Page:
Councilmembers Austin, Mungo, Gonzalez ("State Legislation Committee") Don't Ask, City Staff Doesn't Tell, Why City Didn't Follow Committee/Council Voted Policy To Oppose Bills Threatening Local Control And Didn't Oppose SB 35 (Offers "Streamlined" Approval Of Certain Developer-Desired Multi-Unit Housing Projects, Erases Key Public CEQA Appeal Rights And Undermines Local Control)

  • A few hours later at community meeting, Mungo (seeking re-election) tries to downplay SB 35's impacts, offers strange explanation for City Hall failure to oppose
  • Austin (mulling state Senate run) praises Sac'to gas tax increase, says LB has Sac'to influence, praises Sac'to Dem reps
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    (Nov. 22, 2017, 10:20 a.m.) -- At midafternoon Nov. 21, the three-members of the City Council's State Legislation Committee -- Councilmembers Al Austin, Stacy Mungo and Lena Gonzalez -- failed to ask city staff to explain why the City didn't carry out the Committee/Council's publicly voted policy (text below) to oppose legislation threatening local control to oppose (SB 35, a measure that as of Jan. 1 lets developers use a "streamlined" process offering "ministerial" (clerk checklist type) approval of developer-sought multi-unit housing projects, erases key public CEQA appeal rights and undermines local control. SB 35 text here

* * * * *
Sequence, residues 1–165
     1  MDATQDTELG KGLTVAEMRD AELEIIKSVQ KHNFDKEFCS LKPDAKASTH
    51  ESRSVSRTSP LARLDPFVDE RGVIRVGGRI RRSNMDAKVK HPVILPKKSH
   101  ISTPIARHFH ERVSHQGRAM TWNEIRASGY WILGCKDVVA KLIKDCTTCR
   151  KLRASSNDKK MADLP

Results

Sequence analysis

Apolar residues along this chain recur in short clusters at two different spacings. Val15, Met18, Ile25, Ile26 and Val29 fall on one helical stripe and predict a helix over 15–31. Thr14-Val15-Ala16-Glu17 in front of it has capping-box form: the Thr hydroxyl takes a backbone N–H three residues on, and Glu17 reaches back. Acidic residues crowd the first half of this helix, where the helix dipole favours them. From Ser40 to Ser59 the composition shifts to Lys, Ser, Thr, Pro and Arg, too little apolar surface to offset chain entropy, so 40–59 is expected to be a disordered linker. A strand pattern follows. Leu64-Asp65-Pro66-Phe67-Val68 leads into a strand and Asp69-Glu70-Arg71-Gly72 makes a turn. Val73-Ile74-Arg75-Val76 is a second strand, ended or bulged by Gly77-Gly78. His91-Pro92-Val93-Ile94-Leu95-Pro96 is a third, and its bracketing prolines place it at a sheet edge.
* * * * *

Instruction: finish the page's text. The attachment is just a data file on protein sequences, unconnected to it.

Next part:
City Hall's failure to oppose SB 35, which was supported by Sac'to Dem leadership, is particularly significant locally as it could amplify the effects of housing density increases sought in city staff's proposed Land Use Element/LUE).

    A few hours later at an evening community meeting organized by her office, Councilwoman Mungo (seeking re-election in April 2018) sought to downplay the impacts of SB 35 and offered an explanation for City Hall's failure to oppose SB 35 inconsistent with City Hall's opposition to other bills (details below.)

    [Scroll down for further.]